(Reuters) - Nearly 10 million more Americans have been driven into poverty since the 2007-2009 recession began, and the number is expected to increase due to the slow pace of the recovery, according to a study released Wednesday by Indiana University.
The study found the number of Americans living in poverty grew to 46.2 million in 2010, up 27 percent from 36.5 million in 2006, the year before the start of the recession. During the same period, the U.S. population increased 3.3 percent.
The study uses 2010 U.S. Census Bureau data released last year plus other government numbers. Poverty was expected to increase again in 2011 due to the slow pace of economic recovery, the high rate of unemployment, and the long duration of spells of unemployment, the study found. The study was produced out of the university’s School of Public and Environmental Affairs.
Although the official rate of unemployment is declining, this was largely due to many adults giving up looking for a job, the report said. The ratio of employed people to working-age adults has improved only slightly since the recession ended in June 2009, the study found.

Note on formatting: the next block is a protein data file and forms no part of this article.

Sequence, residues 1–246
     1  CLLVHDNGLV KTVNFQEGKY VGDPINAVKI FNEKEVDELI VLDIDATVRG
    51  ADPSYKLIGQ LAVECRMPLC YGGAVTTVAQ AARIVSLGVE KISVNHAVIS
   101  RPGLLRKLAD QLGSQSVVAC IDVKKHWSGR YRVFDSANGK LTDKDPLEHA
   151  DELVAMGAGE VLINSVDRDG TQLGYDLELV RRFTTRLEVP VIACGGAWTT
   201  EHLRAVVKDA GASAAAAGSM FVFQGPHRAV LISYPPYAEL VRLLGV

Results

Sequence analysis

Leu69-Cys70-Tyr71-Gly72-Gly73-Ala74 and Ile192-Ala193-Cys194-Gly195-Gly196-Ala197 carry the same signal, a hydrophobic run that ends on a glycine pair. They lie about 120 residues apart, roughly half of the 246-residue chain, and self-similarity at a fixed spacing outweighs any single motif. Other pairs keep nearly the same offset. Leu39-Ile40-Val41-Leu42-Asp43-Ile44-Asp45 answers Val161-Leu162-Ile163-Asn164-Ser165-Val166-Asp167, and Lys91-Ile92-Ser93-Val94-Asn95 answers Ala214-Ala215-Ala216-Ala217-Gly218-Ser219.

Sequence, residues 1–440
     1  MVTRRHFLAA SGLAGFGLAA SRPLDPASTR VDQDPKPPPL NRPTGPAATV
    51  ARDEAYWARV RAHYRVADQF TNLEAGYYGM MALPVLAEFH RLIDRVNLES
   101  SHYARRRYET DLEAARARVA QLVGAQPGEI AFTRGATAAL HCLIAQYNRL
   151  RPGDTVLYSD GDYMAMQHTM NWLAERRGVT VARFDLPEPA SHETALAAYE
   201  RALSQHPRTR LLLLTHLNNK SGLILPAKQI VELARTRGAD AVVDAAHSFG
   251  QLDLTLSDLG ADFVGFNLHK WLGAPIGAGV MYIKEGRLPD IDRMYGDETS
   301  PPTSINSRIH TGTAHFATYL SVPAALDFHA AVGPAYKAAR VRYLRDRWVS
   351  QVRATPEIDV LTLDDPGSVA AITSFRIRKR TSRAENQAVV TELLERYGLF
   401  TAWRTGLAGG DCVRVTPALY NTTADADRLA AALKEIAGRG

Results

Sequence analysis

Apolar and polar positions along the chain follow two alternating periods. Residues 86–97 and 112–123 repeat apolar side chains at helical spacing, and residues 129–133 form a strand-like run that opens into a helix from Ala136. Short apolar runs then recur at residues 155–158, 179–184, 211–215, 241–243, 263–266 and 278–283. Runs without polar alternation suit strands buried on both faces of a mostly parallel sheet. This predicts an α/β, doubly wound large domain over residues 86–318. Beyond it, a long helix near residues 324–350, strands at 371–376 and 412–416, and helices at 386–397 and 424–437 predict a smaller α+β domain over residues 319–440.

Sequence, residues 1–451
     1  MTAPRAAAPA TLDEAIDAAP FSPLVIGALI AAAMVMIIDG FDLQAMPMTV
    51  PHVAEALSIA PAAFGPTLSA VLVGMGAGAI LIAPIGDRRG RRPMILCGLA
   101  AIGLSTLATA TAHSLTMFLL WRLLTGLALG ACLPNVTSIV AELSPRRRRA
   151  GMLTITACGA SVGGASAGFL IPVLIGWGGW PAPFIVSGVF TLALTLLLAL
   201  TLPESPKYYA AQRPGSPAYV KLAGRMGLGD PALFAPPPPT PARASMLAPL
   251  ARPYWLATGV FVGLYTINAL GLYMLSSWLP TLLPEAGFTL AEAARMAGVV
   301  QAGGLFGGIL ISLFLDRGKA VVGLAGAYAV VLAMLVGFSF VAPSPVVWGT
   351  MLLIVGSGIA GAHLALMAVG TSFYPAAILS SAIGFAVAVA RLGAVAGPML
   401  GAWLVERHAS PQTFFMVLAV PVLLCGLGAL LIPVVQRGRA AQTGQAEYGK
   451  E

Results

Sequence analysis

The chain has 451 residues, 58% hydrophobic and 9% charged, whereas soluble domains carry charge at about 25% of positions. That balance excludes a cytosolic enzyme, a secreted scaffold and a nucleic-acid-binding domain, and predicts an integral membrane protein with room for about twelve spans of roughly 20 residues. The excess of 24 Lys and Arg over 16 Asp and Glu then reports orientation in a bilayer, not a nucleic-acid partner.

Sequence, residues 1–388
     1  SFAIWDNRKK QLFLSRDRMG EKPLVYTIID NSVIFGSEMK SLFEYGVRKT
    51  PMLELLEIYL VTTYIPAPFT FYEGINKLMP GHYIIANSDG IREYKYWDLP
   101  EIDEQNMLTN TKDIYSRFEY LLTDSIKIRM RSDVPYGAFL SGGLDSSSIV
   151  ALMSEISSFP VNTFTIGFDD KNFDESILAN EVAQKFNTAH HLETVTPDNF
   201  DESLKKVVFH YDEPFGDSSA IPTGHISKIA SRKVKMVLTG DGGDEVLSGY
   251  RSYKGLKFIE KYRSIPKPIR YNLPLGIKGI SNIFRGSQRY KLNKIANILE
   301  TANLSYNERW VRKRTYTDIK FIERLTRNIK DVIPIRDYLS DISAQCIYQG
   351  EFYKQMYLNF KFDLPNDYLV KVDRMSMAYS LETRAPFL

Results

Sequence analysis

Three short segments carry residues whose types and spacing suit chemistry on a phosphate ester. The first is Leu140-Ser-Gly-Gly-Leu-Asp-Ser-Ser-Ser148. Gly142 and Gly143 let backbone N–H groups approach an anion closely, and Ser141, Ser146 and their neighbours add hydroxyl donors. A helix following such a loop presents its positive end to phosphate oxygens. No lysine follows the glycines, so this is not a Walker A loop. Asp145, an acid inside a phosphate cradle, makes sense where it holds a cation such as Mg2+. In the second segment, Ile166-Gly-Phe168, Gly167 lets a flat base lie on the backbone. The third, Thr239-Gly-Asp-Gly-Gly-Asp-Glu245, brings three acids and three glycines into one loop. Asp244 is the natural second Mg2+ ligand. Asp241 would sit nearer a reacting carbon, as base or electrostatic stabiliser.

If the long-term unemployed lose their unemployment insurance benefits before the economy produces enough well-paying jobs, the ranks of the “new poor” will continue to swell steadily through 2017, the study found.
“Many of the ‘new poor’ are the former middle class,” broadcaster Tavis Smiley, who requested the study, said in a statement. “Poor people are not moochers and welfare queens, as some would like you to believe.”
The poverty line for an American family of four with two children is an income of $22,113 a year.
Reporting By Mary Wisniewski; Editing by Daniel Trotta